We are expected to hand in our projects ‘exhibition ready’ so here are my thoughts and ideas for my work to be exhibited.
Each set of images will be in a cluster, with one light per group.
The lights are LED and run off a transformer, which can power up to 6 lights, this minimises cables and will only require one mains plug, instead of 4 plugs for each light.
The LED lights produce very little heat so it is safe to have something covering them.
The lights are quite bright and in order to get the diffused light like in a Lightbox, each frame will have paper behind the negative in order to soften the light.
The light wires will be tacked neatly down the wall, so they can’t move and look untidy. They are white wires, so against a white wall, they won’t be too obvious.
Because the lights are circular, it distributes the light unevenly throughout the rectangle image, leaving some areas darker than others, this was intentional as the vignetting effect gives a soft dream/memory feel.
I have fitted hangers on the back of the frames so it is easy to unhook the images from the wall, I felt it was important for the hanger to not look too complicated or daunting to the audience, so it doesn’t deter them from moving them around. These will hook onto small nails in the wall.
The frames will contain glass, the negative in a clear plastic protector, the mount board, and paper at the back to diffuse the light. This will be made to look tidy and contained so that nothing falls out.
Obviously the negatives are quite small, this invites the audience to stand closer to the images, and take their time to study them. Giving a more personal and intimate experience which I thought was appropriate for the the themes I’m exploring, as they are personal and delicate memories. I don’t think huge prints would have worked so well as it loses its intimacy.
The mount board that came with the frames I felt were just a little too small and make them look very ‘arty’ with a thick white window mount. I decided to have the window mounts cut again to have more of the image on show. The original window mount gave a cropped feel which I felt was just a little too restrictive and also cut out most of the vignetting caused by the circle light.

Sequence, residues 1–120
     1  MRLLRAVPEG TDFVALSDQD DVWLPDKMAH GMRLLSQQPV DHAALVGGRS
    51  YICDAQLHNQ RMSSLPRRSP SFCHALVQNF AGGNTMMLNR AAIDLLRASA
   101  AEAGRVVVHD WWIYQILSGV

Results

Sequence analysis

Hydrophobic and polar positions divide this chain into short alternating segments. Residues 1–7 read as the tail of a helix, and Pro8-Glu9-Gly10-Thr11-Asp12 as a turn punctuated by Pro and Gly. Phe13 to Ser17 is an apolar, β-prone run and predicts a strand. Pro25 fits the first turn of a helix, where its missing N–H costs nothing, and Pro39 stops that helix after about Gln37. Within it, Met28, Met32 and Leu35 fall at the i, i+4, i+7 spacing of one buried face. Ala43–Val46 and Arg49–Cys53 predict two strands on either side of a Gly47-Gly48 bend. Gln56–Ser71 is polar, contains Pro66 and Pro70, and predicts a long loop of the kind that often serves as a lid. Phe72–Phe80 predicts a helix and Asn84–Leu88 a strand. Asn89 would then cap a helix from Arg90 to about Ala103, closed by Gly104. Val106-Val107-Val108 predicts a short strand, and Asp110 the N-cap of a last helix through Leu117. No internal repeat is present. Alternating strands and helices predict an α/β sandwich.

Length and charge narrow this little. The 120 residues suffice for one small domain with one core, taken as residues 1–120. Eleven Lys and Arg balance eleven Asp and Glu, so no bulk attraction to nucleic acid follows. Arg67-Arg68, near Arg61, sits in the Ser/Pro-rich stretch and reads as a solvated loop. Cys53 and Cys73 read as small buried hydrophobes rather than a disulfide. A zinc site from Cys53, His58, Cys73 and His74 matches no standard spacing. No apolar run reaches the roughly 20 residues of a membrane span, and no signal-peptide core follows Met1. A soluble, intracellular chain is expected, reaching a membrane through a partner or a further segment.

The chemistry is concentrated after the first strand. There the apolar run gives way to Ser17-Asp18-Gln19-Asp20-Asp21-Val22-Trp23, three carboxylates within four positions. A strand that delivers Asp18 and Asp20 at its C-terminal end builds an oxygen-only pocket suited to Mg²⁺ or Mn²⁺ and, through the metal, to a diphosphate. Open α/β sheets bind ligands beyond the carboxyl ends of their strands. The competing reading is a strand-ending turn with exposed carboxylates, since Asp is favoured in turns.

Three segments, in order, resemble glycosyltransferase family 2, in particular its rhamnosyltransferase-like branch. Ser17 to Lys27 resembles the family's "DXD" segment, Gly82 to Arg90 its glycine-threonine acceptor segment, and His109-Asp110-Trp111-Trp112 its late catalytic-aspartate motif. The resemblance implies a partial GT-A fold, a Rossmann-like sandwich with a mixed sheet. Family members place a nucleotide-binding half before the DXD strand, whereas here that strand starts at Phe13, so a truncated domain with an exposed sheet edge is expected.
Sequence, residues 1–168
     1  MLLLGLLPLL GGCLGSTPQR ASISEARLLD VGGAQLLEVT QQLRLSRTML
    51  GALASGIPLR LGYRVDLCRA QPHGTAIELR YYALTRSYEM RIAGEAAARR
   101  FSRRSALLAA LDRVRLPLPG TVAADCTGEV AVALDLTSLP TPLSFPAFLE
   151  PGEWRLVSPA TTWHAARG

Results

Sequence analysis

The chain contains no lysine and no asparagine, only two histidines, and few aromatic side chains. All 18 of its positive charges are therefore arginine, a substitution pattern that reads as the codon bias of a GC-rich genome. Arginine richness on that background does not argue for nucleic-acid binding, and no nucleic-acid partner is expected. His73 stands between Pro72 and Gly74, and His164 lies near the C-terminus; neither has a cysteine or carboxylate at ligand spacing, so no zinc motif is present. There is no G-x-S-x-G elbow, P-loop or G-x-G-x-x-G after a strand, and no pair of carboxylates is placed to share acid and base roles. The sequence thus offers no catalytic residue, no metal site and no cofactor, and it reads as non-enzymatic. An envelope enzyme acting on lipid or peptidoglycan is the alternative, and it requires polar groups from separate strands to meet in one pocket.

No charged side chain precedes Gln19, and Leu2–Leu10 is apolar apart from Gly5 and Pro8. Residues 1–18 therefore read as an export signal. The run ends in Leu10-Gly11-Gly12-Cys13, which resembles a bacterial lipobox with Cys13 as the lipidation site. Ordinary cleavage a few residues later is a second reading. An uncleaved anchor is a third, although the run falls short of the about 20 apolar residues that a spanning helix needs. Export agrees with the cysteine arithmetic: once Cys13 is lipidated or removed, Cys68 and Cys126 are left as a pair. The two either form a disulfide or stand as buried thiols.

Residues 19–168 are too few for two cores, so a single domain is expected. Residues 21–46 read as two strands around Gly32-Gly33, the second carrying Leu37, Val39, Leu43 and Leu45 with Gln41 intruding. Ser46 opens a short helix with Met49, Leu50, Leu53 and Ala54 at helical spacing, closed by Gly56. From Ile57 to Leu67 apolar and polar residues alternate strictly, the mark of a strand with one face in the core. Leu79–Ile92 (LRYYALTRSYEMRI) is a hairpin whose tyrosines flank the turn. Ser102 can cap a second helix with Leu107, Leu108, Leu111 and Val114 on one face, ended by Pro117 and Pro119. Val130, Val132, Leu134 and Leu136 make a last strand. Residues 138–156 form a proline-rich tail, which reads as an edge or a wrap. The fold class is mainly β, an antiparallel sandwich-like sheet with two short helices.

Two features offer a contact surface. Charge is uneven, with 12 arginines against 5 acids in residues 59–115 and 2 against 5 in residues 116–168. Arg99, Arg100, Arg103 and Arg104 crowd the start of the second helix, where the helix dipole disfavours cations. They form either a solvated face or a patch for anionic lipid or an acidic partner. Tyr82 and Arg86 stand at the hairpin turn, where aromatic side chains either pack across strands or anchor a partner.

The frames themselves, are chunky and easy to handle, again I felt this was important for the audience in their handling experience. The depth of them also helps shield them from spilling light in the room, leaving them either illuminated by the circle light or left in almost darkness when they’re not in front of the light.
A quote from each subject will accompany their set of images, this is to give context.
This will be printed onto card and placed near each cluster but with enough room not to distract attention from the images. This quote will give a little insight into the memory and feelings the subject expressed at the time of the shoot and will hopefully give more context and meaning to the images in front of them.
An artist statement will also accompany the work, explaining the themes I’m exploring and the process of the images. This will also be on the same card and placed above the clusters so it is separate and not confusing for the viewer.
The clusters will be spaced apart but not too much to think that they are completely separate. I think it would be nice to have them close enough to cause confusion as to which frame belong to which memory to show how memories can easily be muddled and merged. (see image below)
The frames in each cluster do not need to be in any particular order or arrangement as the idea is that they are going to be moved by the audience anyway.
The will also not be any straight lines or look uniformed in any way, memories are scattered and not filed into lines or rows, so my images shall not be either. The clusters will be in order of the time they were taken
so from left to right, Catherine, Alex, Ian, Max.
This is a rough guide to how I would have the layout, although they may have more space in-between each frame.